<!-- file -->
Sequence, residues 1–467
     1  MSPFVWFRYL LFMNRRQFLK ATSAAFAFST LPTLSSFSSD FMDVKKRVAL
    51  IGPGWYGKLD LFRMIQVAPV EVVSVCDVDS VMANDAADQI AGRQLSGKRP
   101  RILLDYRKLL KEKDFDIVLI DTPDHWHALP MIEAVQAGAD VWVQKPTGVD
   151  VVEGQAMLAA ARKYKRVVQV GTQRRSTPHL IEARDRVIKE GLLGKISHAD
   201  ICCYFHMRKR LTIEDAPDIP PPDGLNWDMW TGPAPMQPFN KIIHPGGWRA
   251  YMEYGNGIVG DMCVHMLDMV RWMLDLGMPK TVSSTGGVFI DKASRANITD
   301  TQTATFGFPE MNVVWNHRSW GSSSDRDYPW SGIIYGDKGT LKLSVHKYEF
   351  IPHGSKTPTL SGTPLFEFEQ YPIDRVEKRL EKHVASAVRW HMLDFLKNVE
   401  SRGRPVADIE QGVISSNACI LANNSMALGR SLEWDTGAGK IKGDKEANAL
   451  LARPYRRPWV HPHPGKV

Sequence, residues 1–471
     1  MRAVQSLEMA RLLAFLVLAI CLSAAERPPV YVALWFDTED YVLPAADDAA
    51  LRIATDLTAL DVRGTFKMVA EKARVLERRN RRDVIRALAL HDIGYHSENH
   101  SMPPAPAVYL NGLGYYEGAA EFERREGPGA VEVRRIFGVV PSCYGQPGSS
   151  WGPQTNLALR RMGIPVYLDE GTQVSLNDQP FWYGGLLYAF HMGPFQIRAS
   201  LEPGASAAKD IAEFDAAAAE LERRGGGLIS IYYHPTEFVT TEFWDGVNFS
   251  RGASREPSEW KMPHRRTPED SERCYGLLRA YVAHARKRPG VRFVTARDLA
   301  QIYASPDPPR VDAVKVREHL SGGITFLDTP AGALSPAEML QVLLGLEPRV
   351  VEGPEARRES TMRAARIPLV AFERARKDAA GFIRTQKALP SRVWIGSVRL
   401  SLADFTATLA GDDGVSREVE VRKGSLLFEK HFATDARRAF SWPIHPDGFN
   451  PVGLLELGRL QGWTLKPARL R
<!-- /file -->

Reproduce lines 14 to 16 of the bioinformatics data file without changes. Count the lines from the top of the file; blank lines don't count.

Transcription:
    51  LRIATDLTAL DVRGTFKMVA EKARVLERRN RRDVIRALAL HDIGYHSENH
   101  SMPPAPAVYL NGLGYYEGAA EFERREGPGA VEVRRIFGVV PSCYGQPGSS
   151  WGPQTNLALR RMGIPVYLDE GTQVSLNDQP FWYGGLLYAF HMGPFQIRAS